My deep slumber, predictably interrupted by the summons of the city council, only lasted a few hours and failed to refresh. Fifteen minutes later, I sat at the large table in City Hall. I waited. Five minutes. Alexey and Aimon showed. Ten minutes. Tea was served. Twenty minutes were peppered with small talk. My eyes rested on an impressive suit of ancient dwarven armor displayed in the corner. As I pondered why it was here, Gledrick finally arrived. Likely the runner sent for him didn’t know to look in The Bludgeoning Ogre.
Konnor Hale started the conversation by asking about the surviving woodsmen. All eyes turned to Alexey. He couldn’t speak and simply looked down at his hands in his lap. Aimon reported that only Egsy and Sven remained. Alexey convulsed in his chair and his quiet sob tore the silence.
“Thar is no blame here,” announced Burdick, drawing all the eyes to him again. “They volunteered. We all new the risks. Thar is no blame to lay on anyone.”
We all nodded, except Alexey.
The conversation turned to a review of what we had seen and experienced on our journey. Aimon took the lead, but I was very particular about highlighting the need for research on each point. Aimon described the encounter with the swarm of insects at the pixie’s house. I pointed out the similarities to Andor‘s cabin that needed research. Aimon mentioned that Gruncheck traveled north to try to recruit help from orcs. I stated that research into the orc tribes and methods may help us prepare. Aimon talked about the strange skrimshaw bone we found. Another clear example of my need to research. At every turn, I pushed. I’d need weeks to research everything, maybe even months. I would begin tomorrow, after a long sleep.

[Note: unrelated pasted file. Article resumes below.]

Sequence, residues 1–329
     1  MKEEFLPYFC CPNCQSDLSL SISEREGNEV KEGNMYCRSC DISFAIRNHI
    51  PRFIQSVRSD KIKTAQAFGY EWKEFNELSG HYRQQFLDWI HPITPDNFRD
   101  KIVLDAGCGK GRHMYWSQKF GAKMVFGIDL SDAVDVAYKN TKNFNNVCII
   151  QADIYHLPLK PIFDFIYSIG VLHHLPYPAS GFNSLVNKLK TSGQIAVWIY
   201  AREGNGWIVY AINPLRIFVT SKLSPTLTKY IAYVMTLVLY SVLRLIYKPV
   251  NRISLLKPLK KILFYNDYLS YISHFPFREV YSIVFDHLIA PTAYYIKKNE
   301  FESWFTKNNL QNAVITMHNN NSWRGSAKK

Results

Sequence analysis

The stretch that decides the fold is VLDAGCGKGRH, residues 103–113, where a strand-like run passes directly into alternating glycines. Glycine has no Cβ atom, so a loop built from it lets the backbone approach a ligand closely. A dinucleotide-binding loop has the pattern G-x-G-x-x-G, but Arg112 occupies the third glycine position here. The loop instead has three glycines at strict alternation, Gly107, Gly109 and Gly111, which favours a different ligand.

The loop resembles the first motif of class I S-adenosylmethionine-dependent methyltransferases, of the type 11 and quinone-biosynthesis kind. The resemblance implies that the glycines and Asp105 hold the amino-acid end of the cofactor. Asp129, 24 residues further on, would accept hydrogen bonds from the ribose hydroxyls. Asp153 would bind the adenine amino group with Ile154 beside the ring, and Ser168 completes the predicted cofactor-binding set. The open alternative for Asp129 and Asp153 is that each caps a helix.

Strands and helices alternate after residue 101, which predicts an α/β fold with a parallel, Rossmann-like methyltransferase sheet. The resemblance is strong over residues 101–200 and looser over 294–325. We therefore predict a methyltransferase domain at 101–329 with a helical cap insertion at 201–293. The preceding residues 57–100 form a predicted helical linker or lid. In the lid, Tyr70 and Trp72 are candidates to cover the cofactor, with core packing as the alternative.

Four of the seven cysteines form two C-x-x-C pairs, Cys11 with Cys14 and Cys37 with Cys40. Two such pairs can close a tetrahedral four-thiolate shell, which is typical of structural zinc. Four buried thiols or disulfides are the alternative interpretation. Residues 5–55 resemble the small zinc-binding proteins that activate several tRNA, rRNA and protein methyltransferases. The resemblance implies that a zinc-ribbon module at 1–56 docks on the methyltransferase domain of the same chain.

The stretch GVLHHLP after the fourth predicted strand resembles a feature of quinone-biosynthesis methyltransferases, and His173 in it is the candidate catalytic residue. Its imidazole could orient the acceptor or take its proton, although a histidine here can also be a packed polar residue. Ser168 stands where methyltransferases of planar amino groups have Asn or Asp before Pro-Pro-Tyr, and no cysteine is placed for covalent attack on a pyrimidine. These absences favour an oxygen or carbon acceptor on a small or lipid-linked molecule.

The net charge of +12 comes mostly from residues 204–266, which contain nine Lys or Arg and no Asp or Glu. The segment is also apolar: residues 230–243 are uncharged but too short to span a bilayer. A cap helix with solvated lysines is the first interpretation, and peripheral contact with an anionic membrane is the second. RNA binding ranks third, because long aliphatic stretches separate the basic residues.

The council discussed tactics and readiness for the town. The key point rested on how to effectively defend the borders of the town, including the docks, since the hobgoblins apparently built ships. After much debate, and a vote, we all agreed that the mines would be much easier to defend, though I dislike the idea of putting the entire town in a bottle. I brought up the question about the mines tapping into the Underdark.
This spurred another debate which wasn’t settled until Gledrick’s venerable father came into the council room and talked about the mines – his mines. He claimed they were far too young to have found their way down that far. He recalled a few goblin scouts or patrols wandering in over the years, but doesn’t think hobgoblins ever made it into the mines. This put an end to any opposition and drew the meeting to a close. Hammer Hill will recede into the protective belly of the mines.
Gledrick stayed to talk with Burdick as the rest of us filed out. I found myself outside The Bludgeoning Ogre, in want of food and drink. I decided to try a seldom used spell, and after a moment, walked into the inn as… Gledrick the dwarf. I sat down in Gledrick’s normal seat and within seconds a tall ale and a hot stew were set in front of me. The barkeep asked whether I wanted to settle the tab. Knowing I had Gledrick’s looks, but not his voice, I merely shook my head in a dwarvenly contemplative manner.
I left, walked to my bedroom at the university, and fell into a dreamless void.